Some MLPA probemixes include one or more probes designed to detect frequent mutations. These mutation-specific probes only give a signal when a specific mutation is present in the sample DNA. Because they generally do not give a signal on the majority of samples, data analysis and results display are different than for regular (copy number) probes. This background article explains how Coffalyser.Net handles mutation-specific probes.
|Analysis and results display of mutation-specific probes has changed significantly in Coffalyser.Net v.220513.1739 to better reflect the differences with regular copy number probes. A short section about previous versions of Coffalyser.Net is included at the end of this article.|
Normalisation for mutation-specific probes
Intra ratio percentage
Most regular copy number probes are normalised against the reference probes within a sample and against the signals in other reference samples. This results in a final ratio that can be used to determine copy numbers. Mutation-specific probes generally do not have a signal in the majority of samples, including the reference samples. Therefore, their signals cannot be normalised against the reference samples, and no final ratio can be calculated. Coffalyser.Net solves this by only normalising to the reference probes within the sample, which produces an intra ratio percentage. If you are unsure about the difference between these two ratios, we highly recommend first reading more about the difference between the final ratio and the intra ratio percentage before continuing with this article.
Interpretation of an intra ratio percentage for mutation-specific probes
An intra ratio percentage only provides information about the relative signal height of the mutation-specific probe as compared to the reference probes in the sample. While this correlates with the number of copies of the mutation that are present, this value also depends on the relative heights of probes in the probemix. Therefore, the intra ratio percentage cannot be used to determine the zygosity of the mutation.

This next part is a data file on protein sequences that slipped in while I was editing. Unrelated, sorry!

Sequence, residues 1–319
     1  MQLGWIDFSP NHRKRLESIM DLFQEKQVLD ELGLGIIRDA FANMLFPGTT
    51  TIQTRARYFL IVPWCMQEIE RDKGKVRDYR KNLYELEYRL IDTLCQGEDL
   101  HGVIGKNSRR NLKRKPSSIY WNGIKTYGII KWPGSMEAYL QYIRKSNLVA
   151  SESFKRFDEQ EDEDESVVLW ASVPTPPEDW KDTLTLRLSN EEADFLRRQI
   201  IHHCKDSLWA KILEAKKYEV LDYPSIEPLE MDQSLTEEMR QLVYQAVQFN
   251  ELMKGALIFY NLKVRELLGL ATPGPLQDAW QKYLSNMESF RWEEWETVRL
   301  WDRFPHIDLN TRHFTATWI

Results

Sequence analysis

Instead, the intra ratio percentage should be used to determine whether a (significant) signal for the probe was found or not. Or, in other words, whether the sample might have the mutation the probe was designed for or not. If you need to know the zygosity of a mutation identified using MLPA, you can often investigate this using a different technique, such as sequencing.
For most mutation-specific probes, small signals (e.g. ≤ 10%) may represent background signals or false signals caused by electrophoresis noise, while real signals on positive samples will be considerably higher. As this may differ per application, consult the application-specific product description for more details.
|Important summary: The intra ratio percentage cannot be used to determine the zygosity of a mutation. For example, an intra ratio percentage of 100% does not necessarily mean that there is one allele with the mutation (only that the signal happens to be similar to the signals from the reference probes).|
Results for mutation-specific probes are always shown as percentages instead of ratios. In ratio charts, an orange box is shown rather than a probe dot. The example below shows a regular copy number probe (shown as black dot or final ratio of 1.04) and the result of a mutation-specific probe (shown as orange box or intra ratio percentage of 92%).
Intra ratio percentages are also used for other situations in which the calculation of a final ratio is not possible or not meaningful. For more details about this, read more about how and when Coffalyser.Net shows results as final ratios or as intra ratio percentages.
Differences with previous versions
The way in which results of mutation-specific probes are shown has been made more consistent in recent versions of Coffalyser.Net. In v.210226.1433, v.210604.1451 and v.140721.1958, results were often shown as intra ratio percentages as well, but final ratios could be calculated for signals that were high enough if at least one reference sample also had a signal for the mutation-specific probe. This could sometimes lead to unexpected final ratios if background signals were involved. More details about the way this worked in older versions of Coffalyser.Net can be found in the relevant Reference Manual. Find which version you have installed.